• You will need to provide identification and proof of ownership and occupancy (for homeowners) and occupancy only (for renters) when the inspector arrives.
• Please have the following documents on hand:
o A photo ID to prove identity, such as a driver’s license or passport.
o Proof of occupancy, which may include any one of the following:
- A lease, rent payment receipt, utility bill or other document confirming the home was the primary residence at the time of the disaster
- An employee pay stub and similar documents addressed to the applicant and showing the address of the damaged home
o Proof of ownership, which may include any one of the following:
- Deed showing applicant as the legal owner.
- Title that lists applicant on actual escrow or title document for the purchase of the home; mortgage payment book that names the applicant along with the address of the damaged home.
- Property insurance policy for the damaged home with applicant’s name listed as the insured.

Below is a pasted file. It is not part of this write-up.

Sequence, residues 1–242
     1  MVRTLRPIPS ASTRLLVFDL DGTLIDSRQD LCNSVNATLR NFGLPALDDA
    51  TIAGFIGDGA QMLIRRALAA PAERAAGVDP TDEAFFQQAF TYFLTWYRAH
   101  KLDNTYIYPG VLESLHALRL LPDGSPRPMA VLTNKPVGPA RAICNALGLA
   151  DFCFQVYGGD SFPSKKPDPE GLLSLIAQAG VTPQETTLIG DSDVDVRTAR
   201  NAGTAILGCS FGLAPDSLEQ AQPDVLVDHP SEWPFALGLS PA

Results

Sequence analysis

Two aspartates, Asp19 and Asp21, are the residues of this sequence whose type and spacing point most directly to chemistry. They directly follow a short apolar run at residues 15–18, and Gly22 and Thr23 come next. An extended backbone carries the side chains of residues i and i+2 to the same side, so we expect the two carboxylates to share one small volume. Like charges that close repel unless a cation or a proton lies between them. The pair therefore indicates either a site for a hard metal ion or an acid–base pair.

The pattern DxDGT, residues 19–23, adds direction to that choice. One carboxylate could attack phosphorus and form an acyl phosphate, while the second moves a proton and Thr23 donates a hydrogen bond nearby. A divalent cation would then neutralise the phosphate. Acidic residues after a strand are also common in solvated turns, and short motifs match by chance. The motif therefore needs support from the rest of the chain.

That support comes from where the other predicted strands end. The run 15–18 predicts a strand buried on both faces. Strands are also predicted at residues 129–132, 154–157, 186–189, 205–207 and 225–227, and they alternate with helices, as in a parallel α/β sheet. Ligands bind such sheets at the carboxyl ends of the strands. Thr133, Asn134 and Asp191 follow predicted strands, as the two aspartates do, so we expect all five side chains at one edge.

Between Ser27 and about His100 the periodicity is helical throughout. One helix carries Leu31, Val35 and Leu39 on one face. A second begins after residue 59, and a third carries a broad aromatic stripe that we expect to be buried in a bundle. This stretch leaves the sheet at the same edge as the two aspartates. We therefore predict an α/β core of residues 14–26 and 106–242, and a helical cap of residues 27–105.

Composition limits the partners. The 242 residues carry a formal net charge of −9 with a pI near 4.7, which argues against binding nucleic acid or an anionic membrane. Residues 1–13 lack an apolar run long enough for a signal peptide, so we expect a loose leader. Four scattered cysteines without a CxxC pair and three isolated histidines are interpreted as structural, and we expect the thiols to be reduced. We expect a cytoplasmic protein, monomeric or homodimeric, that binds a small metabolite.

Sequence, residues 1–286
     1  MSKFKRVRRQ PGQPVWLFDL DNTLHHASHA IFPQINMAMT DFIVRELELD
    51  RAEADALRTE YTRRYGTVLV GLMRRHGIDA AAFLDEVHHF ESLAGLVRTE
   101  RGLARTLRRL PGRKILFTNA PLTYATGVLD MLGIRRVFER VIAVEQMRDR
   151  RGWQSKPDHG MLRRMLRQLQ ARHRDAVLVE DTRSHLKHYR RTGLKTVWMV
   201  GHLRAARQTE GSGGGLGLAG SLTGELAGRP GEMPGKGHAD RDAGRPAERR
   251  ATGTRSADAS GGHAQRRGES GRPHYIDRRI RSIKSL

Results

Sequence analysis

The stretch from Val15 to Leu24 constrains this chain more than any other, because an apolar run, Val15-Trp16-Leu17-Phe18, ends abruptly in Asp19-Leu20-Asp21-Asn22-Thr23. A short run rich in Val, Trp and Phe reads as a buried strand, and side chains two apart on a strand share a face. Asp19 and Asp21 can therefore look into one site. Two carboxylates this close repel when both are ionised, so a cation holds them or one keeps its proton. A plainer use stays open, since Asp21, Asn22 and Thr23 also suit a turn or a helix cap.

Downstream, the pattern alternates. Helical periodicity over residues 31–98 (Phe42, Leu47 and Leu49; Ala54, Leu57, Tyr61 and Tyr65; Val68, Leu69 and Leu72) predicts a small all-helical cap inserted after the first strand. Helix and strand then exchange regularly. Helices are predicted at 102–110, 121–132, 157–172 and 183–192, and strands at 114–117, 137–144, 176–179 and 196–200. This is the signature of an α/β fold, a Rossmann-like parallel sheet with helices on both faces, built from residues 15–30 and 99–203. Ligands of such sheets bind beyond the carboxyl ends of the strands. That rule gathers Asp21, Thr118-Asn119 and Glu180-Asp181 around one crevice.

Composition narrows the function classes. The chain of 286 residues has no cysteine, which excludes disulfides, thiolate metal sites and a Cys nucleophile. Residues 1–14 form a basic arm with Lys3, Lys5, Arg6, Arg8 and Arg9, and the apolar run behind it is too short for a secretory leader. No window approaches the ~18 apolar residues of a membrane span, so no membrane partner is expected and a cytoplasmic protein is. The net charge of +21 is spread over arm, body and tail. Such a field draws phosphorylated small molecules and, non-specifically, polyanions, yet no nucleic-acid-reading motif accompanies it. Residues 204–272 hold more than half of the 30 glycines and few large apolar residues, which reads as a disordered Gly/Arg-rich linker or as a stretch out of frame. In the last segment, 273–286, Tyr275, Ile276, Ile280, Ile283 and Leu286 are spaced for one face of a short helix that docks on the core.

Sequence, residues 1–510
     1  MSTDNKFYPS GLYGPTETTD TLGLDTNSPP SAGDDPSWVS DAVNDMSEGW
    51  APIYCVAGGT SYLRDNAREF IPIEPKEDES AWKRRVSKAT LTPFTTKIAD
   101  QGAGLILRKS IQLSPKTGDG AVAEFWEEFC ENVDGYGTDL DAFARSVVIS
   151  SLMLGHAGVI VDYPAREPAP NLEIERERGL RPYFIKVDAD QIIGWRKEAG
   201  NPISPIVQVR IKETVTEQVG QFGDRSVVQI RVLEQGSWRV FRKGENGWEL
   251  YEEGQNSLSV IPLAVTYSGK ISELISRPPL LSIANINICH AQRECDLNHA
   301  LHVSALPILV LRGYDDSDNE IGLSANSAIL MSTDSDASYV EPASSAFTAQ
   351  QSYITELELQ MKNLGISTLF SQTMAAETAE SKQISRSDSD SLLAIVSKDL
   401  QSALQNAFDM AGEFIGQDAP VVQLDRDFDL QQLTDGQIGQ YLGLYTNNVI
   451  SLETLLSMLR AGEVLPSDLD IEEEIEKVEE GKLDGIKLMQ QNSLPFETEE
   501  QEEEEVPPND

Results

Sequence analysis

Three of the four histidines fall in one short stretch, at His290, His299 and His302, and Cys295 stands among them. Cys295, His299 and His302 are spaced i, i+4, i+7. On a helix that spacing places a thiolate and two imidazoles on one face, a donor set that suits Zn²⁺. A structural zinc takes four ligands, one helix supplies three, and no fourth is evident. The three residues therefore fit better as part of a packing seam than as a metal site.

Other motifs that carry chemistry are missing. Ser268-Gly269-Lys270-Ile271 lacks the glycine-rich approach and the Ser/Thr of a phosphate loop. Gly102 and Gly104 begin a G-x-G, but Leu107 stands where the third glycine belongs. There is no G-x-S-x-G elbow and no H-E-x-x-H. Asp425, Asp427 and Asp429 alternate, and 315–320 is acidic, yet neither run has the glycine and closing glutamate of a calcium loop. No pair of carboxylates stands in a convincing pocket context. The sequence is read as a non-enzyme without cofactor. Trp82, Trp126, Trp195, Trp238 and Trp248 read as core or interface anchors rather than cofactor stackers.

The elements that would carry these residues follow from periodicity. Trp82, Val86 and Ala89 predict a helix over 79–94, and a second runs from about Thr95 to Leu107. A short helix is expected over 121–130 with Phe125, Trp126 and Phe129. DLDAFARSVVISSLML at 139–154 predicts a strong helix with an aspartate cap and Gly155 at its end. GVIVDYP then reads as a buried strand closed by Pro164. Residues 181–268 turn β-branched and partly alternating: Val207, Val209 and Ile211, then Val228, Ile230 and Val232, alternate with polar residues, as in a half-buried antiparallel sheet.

- Tax receipts or a property tax bill that lists the address of the damaged home and the applicant as the responsible party to the assessments.
• Property owners who need to replace a document to prove property ownership should visit their local tax office Property Valuation Administrator. Proof of ownership may avoid long delays in receiving eligible FEMA funds.
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-What can I expect after the FEMA Inspector’s visit?
• After the Inspector’s Visit: You will receive a joint letter from FEMA and the commonwealth containing a decision within 10 days of the inspector’s visit. You may receive a low-interest disaster loan application in the packet from the U.S. Small Business Administration. You do not have to accept a loan. However, completing an SBA application opens the door to other possible forms of assistance.